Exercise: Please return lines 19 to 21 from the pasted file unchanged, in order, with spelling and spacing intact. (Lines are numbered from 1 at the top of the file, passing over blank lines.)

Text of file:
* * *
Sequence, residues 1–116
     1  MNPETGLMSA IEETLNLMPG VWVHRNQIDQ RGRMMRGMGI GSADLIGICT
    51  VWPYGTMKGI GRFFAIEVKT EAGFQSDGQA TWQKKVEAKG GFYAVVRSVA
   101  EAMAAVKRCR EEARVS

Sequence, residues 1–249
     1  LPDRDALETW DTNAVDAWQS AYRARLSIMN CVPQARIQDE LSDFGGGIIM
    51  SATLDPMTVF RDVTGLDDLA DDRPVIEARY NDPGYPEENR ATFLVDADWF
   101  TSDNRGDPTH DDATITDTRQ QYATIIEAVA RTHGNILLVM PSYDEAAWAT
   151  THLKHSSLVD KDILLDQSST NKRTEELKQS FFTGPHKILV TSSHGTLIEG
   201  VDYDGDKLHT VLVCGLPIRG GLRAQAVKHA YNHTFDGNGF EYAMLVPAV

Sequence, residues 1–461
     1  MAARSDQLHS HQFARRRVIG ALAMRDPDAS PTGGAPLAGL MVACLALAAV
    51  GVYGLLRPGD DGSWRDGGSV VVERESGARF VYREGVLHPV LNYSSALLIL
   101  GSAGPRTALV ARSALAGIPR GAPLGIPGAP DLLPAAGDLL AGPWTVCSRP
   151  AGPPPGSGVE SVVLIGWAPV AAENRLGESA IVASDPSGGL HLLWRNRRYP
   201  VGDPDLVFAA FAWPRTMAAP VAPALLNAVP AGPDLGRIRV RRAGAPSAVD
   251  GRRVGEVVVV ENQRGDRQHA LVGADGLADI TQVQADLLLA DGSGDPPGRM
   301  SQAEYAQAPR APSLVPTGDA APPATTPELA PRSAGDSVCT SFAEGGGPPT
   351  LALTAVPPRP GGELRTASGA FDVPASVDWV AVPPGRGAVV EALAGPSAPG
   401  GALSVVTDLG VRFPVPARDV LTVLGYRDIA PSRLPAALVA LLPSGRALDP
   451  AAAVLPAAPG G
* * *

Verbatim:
   351  LALTAVPPRP GGELRTASGA FDVPASVDWV AVPPGRGAVV EALAGPSAPG
   401  GALSVVTDLG VRFPVPARDV LTVLGYRDIA PSRLPAALVA LLPSGRALDP
   451  AAAVLPAAPG G